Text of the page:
We had a widespread natural avalanche cycle yesterday at all elevations. Conditions were less sensitive today but any slope that didn't avalanche should be considered suspect. We've had a tremendous loading event on a poor and weak snowpack structure and things will take a little bit of time before it can be trusted.
Frigid morning that quickly warmed up under sunny skies. Winds were in the 20's at ridgetops out of the WSW and were transporting snow onto the leeward side of slopes. Solar aspects were taking heat were observing rollerballs on south-facing slopes below treeline.
Widespread natural avalanches from yesterday. It appears that peak instability happened early in the morning 7 to 9 AM when we had 1 to 2 inch an hour snowfall rates. The bulk of natural avalanche activity happened on North and East aspects, but West and South had several as well. I decided to add photos in the gallery section. Will head to Colombine Hondo Wilderness tomorrow but expect to find widespread avalanches from there tomorrow.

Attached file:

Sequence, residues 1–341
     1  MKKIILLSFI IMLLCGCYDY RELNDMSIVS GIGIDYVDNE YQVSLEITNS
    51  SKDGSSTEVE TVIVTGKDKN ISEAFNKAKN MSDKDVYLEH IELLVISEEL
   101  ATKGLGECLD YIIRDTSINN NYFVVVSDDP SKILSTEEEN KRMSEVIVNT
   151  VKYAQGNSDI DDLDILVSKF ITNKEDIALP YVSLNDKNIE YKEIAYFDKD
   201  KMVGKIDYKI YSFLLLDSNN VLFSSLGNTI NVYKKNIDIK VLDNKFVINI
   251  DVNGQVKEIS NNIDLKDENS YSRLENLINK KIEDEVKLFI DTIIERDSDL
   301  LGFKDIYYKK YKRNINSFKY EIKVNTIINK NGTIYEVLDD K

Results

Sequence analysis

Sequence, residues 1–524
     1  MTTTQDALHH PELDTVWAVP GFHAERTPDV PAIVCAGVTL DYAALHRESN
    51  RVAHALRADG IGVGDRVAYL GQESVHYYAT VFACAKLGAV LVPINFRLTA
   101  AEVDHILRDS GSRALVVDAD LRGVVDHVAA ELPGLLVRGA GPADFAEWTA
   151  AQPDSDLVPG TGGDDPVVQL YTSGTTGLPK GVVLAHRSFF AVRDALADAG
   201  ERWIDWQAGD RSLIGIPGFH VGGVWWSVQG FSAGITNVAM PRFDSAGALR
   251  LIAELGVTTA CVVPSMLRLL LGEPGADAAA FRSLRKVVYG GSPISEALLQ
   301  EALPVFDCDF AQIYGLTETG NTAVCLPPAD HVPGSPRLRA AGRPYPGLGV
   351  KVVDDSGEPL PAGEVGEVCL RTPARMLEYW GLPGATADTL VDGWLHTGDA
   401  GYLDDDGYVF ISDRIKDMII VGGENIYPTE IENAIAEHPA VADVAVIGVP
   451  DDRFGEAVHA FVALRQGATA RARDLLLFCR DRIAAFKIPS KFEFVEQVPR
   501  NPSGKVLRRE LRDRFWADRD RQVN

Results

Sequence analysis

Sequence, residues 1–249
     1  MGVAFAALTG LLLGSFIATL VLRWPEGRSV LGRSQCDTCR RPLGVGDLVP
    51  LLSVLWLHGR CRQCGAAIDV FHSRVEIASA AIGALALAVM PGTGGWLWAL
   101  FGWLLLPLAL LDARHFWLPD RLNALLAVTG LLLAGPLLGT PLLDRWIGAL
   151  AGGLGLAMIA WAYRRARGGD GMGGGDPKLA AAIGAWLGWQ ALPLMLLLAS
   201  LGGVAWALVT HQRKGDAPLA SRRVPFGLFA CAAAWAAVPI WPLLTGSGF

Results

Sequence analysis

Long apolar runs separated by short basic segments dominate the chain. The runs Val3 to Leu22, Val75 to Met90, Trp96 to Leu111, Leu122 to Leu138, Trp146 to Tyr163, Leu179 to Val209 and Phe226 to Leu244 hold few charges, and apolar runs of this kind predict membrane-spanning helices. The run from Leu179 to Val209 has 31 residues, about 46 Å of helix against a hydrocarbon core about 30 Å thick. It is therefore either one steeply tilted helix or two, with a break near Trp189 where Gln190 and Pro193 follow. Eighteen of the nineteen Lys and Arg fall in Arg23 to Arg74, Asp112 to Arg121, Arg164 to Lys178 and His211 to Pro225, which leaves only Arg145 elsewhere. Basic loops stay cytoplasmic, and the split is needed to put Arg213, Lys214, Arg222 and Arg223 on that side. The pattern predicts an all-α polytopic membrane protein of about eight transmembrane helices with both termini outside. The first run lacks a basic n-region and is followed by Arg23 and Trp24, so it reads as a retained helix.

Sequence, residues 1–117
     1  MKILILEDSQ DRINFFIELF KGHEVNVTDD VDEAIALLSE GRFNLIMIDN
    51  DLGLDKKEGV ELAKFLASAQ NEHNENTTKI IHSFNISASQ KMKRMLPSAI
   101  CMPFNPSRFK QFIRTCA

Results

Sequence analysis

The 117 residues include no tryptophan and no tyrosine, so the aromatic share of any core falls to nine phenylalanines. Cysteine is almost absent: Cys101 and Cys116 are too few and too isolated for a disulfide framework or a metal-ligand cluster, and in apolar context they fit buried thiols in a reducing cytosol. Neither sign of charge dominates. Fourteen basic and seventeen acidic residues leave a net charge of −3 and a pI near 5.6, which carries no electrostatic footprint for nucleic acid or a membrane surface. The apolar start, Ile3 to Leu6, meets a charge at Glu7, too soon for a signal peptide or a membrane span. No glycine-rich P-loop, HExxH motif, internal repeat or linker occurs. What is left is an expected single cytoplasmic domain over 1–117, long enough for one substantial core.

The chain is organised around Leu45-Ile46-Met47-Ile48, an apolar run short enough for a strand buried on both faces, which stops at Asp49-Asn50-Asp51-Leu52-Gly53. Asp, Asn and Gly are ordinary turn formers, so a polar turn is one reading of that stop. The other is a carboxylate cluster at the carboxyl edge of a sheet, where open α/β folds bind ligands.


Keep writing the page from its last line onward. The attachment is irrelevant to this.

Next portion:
It was a pretty good widespread natural avalanche cycle at all elevations yesterday. A natural avalanche within several feet of the new trail heading up to Williams Lake is a pretty good indication of widespread instability. I was hoping to have beautiful crowns to take photos of, but it appears many of the slopes released during peak instability early yesterday morning and have filled back in.
We continue to get widespread collapsing and shooting cracks on low angle slopes that did not avalanche. I dug one pit to show that on some slopes we've almost doubled our snowpack depths over the last 4 days. Continue to get failure on isolation in long column tests, which isn't all that surprising.
Although many slopes naturally avalanched, there still appears to be some that didn't. The big question is why?